A few nights ago, my brother, his wife, me, and D all sat around their kitchen table, eating dinner together and shooting the shit. It was my brother’s 42nd birthday, and so we were spending the day together, relaxing and hanging out. It also happened to be the day of my cousin’s funeral.
To be specific, Jean was my dad’s 2nd cousin–she was also a mother, a wife, a grandmother, an aunt, and a teacher for many, many years. Jean was a tough and funny woman who didn’t mince words and who made sure she let you know exactly what she wanted. And her funeral proved no different: Jean knew she was dying (the pancreatic cancer she had was aggressive), and she knew how she wanted her send off to go. So, true to herself ’til the end, instead of leaving any detail left undone, she outlined her exact specifications for the day–how she wanted to service to be, what songs she wanted played, the fact that she wanted no eulogy.
And although the occasion was still terribly sad, I couldn’t help but smile knowing that, even in death, Jean made sure things were done exactly as she saw fit. It left her family no room to worry, or wonder–no fear that they were doing her an injustice in her final recognition: instead, they could take comfort knowing that they carried out her final wishes exactly as she wanted them.
When we went to my brother’s after the services, we kept most of the conversation light–there was enough self-reflection and mourning in the days leading up to her funeral and we had already settled into that quiet exhaustion that comes after saying goodbye. But as we sat around the table, we started talking about the different funerals and services we’ve all been to throughout the years and the ones that we “liked” best. My brother noted how he found the most comfort from my grandfather’s funeral, where those in attendance shared memories of him as a way to honor his spirit and to remind us of the happier times.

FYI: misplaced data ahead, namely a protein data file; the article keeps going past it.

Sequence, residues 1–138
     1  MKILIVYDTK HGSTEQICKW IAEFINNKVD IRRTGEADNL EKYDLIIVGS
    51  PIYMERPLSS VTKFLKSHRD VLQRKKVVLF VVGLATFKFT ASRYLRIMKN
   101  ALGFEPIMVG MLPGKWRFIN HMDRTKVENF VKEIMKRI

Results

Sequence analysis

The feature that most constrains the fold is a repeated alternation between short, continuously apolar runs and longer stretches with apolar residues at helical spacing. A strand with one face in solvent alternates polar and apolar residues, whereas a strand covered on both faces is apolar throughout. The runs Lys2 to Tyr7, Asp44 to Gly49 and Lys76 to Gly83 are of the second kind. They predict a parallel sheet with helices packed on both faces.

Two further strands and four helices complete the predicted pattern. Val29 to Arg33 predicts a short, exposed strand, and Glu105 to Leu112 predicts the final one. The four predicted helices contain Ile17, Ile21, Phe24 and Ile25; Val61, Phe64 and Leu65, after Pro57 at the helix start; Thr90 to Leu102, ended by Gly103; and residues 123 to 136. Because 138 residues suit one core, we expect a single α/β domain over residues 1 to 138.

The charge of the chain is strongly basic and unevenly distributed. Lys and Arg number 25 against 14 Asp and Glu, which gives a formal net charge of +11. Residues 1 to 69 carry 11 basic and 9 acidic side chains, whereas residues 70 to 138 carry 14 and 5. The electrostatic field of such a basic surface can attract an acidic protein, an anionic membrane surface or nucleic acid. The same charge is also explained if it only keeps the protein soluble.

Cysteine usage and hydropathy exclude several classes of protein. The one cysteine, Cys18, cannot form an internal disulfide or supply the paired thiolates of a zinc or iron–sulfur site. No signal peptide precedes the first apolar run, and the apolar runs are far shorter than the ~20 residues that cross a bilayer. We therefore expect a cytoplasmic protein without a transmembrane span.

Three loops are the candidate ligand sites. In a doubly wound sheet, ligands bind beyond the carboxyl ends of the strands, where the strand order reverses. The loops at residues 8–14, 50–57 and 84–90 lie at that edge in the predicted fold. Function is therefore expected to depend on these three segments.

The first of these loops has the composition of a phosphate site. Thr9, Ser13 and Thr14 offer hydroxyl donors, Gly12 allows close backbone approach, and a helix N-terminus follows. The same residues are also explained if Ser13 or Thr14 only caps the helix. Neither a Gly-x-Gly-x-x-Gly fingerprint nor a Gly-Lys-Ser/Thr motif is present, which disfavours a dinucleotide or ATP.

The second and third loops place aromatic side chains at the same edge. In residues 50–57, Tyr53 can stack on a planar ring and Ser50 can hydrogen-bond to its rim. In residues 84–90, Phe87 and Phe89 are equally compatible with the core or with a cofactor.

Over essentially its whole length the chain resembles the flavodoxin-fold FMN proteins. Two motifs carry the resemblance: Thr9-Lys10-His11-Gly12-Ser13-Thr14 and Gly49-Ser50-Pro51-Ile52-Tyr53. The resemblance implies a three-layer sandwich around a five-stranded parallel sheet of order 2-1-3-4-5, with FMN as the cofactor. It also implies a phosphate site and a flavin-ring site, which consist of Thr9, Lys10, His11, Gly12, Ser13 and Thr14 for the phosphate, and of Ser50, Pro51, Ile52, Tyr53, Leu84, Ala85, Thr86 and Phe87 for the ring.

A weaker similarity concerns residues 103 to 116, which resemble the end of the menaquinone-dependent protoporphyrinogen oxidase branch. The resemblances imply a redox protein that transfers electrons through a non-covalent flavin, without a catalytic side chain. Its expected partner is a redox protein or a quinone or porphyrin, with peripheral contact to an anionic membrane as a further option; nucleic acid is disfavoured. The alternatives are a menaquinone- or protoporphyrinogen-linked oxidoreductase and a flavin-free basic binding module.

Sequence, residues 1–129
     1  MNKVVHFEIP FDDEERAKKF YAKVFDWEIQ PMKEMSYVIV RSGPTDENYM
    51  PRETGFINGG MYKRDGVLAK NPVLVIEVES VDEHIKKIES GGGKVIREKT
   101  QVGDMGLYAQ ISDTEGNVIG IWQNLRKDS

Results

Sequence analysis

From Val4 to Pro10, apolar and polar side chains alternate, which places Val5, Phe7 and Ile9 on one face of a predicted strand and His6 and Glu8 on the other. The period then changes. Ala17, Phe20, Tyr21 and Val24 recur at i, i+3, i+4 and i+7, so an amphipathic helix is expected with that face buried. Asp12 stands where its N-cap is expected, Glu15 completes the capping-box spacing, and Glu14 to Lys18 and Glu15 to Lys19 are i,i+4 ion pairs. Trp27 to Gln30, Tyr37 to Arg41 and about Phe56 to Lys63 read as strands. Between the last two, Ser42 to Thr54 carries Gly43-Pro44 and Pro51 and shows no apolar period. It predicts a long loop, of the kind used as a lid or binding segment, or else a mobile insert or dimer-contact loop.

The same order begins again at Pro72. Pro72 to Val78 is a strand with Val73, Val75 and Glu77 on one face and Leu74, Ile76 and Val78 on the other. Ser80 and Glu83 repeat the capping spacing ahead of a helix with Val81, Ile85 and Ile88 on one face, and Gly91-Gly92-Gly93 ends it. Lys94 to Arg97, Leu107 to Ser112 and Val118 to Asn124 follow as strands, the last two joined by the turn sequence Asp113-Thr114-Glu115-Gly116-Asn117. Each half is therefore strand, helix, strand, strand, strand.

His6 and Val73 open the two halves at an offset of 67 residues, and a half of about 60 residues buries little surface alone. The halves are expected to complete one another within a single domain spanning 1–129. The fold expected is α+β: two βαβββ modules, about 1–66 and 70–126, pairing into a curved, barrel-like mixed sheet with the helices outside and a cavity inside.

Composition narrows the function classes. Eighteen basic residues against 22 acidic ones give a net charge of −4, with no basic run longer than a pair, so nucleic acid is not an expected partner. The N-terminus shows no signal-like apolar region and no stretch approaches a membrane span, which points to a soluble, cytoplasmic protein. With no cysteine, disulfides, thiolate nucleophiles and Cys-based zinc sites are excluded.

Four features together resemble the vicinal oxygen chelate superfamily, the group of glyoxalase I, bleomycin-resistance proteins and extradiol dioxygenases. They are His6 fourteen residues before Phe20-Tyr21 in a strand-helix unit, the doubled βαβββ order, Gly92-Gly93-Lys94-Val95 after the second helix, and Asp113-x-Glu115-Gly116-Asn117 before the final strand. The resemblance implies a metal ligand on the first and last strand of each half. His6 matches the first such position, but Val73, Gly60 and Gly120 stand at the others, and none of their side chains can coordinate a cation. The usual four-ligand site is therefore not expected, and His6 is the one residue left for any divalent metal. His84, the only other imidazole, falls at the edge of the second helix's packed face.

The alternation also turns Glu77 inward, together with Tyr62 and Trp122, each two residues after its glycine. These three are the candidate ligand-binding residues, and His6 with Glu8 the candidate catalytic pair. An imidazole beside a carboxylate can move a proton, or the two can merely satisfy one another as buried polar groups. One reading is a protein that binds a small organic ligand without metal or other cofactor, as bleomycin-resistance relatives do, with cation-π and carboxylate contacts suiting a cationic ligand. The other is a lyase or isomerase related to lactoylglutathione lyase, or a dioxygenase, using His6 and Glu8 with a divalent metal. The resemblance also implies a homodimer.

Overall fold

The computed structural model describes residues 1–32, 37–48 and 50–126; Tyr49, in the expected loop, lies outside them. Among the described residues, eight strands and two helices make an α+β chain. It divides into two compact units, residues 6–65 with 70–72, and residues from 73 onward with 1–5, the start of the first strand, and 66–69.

I admitted that I often think about what we’ll have to do when our parents pass and how we can best celebrate their lives, and how I thought that kind of a send-off would be so important when my mother passes. I know that sounds terribly morbid, but it’s a reality that everyone has to face, and considering that my mom’s health has pretty much been the focal point of my life for the past 8 years, it’s also a bit inevitable that it’s top-of-mind for me. And for that reason–and because my mom has not been herself for so long–the idea of sharing our most beloved memories about her seems so important.
I am constantly reminded of how cool my mom was and how much she influenced who I am. Just today, for example, I was driving to work when Queen came on the radio and as I turned that shit up and rocked out, I remembered how it was she who first introduced me to them: I was about 11 and on my way to my soccer game, feeling particularly nervous. My mom, sensing my apprehension, told me that I needed to find music to motivate me, to help get me pumped. She pulled out her Queen’s Greatest Hits cassette and played “Another One Bites the Dust” full blast as we drove to the field, and though I tried to play it cool with her, I couldn’t help feeling incredibly cool as we drove along.
Or on Sunday, when I was making her breakfast, I remembered how she used to make me pancakes on the weekends, shaped like the letters of my name. After starting with my first name, S-A-R-A, she decided to get really ambitious and went for the last name, too (a pretty impressive feat, considering it was 10 letters long and included a W).
And even now, the artists that my mom once used to soothe her children–Cat Stevens and Simon & Garfunkel–have become some of my brother and my favorite background music for when we’re working around the house or cooking (or, our go-to to help soothe my mom if she’s having a difficult day).
These recollections push us forward; they help us cope with the daily heartaches that come with losing her a little more–these bittersweet remembrances reminds of who she was, and how she still lives on within us and, ironically, within our memories.